• CML Core
      • CML React
      • CML Spec
      • CML Comp
    • Worldwide Molecular Matrix
  • 3:00p, #33: The family of XML languages in chemistry. H.S. Rzepa, P. Murray-Rust.
    • Requirements for a “knowledge grid”
      • Syntax
      • Validation
      • Semantics
      • Ontologies
      • Discovery mechanisms (Metadata)
      • Rights (“who created/added/revised/owns this?”)
      • Provenance (“can I trust it? is it intact?”)
    • CML 2 is modular, to facilitate extensibility
    • “Interwingling” : intertwining and mingling of data/documents/information.
    • The CML Family Building Kits:
      • CML Core: Molecules
      • STMML: Scientific units
      • CML React: defines reactions
      • CML Spect: spectra data
      • CML Comp: extends CML Core, STMML, CML React to express computational modelling and simulations
      • CML Query: chemical querying and perception
      • CMLX: extensible chemical markup created from the CML family of components
    • Others: GTML = Graph Theory Markup Language



Computers in Chemistry General Contributions

  • 8:30a, #134: Estimation of physicochemical properties of compounds by SPARC S.H. HIlal, L.A. Carreira, S.W. Karichkoff (EPA/UGA)
    • Sparc Performs Automatic Reasoning in Chemistry: program to calc. properties and reactivity based solely on molecular structure.
    • Capabilities: chemical and physical properties.
    • Basically, it calculates a set of core properties, and all others are derived from these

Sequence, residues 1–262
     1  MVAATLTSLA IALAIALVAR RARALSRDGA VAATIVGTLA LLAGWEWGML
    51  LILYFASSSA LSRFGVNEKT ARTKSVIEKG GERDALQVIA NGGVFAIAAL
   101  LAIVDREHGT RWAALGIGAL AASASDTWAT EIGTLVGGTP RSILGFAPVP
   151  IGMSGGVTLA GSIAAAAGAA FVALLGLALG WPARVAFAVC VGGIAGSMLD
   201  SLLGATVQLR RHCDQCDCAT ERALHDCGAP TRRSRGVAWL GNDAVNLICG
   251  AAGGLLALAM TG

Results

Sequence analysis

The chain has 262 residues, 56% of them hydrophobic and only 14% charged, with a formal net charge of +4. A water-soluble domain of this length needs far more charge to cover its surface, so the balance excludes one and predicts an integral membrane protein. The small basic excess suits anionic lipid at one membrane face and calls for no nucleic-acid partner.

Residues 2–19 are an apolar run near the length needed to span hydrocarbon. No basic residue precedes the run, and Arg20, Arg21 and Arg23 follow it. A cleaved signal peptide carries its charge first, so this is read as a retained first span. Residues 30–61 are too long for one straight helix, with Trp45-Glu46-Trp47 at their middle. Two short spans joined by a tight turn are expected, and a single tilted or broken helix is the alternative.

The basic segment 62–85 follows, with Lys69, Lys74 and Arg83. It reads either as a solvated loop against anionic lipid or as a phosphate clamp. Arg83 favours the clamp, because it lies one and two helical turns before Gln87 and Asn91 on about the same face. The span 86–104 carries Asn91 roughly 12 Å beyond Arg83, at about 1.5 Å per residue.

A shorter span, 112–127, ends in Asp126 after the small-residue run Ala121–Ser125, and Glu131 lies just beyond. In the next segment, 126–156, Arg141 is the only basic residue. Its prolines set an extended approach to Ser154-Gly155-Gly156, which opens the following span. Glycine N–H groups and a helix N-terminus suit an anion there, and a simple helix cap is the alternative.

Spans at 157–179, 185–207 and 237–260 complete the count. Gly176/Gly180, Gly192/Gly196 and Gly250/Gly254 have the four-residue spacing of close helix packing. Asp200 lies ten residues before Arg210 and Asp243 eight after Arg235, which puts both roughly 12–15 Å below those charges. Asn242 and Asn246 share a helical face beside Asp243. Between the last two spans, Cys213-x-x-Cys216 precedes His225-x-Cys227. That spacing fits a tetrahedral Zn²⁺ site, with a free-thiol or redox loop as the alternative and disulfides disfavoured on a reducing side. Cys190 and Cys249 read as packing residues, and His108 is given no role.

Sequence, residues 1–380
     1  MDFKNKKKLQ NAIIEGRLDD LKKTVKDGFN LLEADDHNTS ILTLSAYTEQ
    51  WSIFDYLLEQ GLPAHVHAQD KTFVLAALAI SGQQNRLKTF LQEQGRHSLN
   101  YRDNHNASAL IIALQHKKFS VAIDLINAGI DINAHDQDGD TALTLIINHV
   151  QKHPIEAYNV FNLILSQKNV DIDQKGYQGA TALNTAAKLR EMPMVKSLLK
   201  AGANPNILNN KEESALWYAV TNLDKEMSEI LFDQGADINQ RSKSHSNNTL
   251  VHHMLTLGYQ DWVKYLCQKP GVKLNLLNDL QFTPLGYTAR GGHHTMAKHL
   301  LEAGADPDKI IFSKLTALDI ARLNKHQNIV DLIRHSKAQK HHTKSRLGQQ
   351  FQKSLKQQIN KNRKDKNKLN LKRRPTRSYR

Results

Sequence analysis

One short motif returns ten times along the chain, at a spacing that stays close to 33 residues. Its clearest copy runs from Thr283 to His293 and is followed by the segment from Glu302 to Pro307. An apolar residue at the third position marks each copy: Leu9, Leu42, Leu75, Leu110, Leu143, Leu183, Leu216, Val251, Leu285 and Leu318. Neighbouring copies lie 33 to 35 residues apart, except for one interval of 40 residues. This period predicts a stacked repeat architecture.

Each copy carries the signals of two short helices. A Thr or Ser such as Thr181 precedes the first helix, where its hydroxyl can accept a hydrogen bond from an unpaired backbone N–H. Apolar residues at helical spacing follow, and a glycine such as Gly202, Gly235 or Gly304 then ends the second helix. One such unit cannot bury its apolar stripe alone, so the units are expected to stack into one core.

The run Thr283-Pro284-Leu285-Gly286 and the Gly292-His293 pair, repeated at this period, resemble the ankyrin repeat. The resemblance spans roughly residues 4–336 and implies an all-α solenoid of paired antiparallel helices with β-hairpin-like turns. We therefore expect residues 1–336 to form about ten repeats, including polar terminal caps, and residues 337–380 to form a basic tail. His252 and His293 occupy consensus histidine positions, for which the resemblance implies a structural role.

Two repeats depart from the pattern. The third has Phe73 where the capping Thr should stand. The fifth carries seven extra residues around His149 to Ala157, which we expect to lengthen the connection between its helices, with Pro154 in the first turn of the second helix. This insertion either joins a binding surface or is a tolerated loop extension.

- Vapor pressure (temp)
      • Activity coefficient (temp, solv)
      • Ionization pKa (temp, pH, solv): microscopic, zwitterionic constant, molecular speciation, isoelectric point
    • Approach: Molecule is broken into functional units, each with intrinsic properties, e.g. p-amino phenol –> -NH2 = Reference point, -Ph- = Resonance, HO- = Electrostatic
    • Intermolecular interaction model: DeltaG(interaction) = DeltaG(dispersion) + DeltaG(induction) + DeltaG(dipole) + DeltaG(H-bond) + DeltaG(mix)
    • Vapor pressure model has been tested by calculating boiling points from -200 C –> 1000 C
      • Non-polars have an error of +/- 3 C
      • Polars have an error of +/- 7.5 C
    • Activity coefficient comparisons (calculated vs experimental): R\^2 = 0.998, RMS = 0.064, N = 491
      • Solubility: R\^2 = 0.987, RMS = 0.40, N = 647
    • Similar good correlations for ionization pKa’s, etc.
    • SPARC accepts as input a SMILE string or a CAS reg number
  • 8:55a, #135: Calculation of tautomeric equilibrium network constants using SPARC S.N. Ayyampalayam, L.A. Carreira (EPA/UGA)
    • SPARC does not do first principle calculations, it is based on mechanistic perturbation models
    • Descriptors: density, polarizability, index of refraction, and H-bonding (alpha/beta)
    • System can calculate tautomeric equilibirum networks, irrespective from the initial input structure
    • SPARC is written in Prolog
    • URL:
  • 9:20a, #136: OptiDesign: Extending optimizable K-dissimilarity selection (OptiSim) for use in combinatorial library design F. Soltanshahi, L. Alkella, R.D. Clark (TRIPOS)
    • OptiDesign: Select diverse representatives from a population
    • In 2D designs (or higher dimensionality), it uses axis pivoting for selection
    • It can do full and sparse matrix designs
    • Maximum dissimilarity approach
    • Multi-block designs also possible
    • Backtrack redesigns
    • User-defined filters, contraints, and evaluation parameters, including bias towards reagents, etc.
    • Ref: J. Mol. Graph. Model. 2000, 18, 404
  • 9:45a, #137: Predictive toxicology using quantum QSAR descriptors from intermediates S. Trohalaki, R. Patcher, K.T. Geiss, J.M. Frazier (Air Force Research Labs)
    • QSARs derived from:
      • neutral descriptors
      • radical descriptors
      • combination of neutral and radical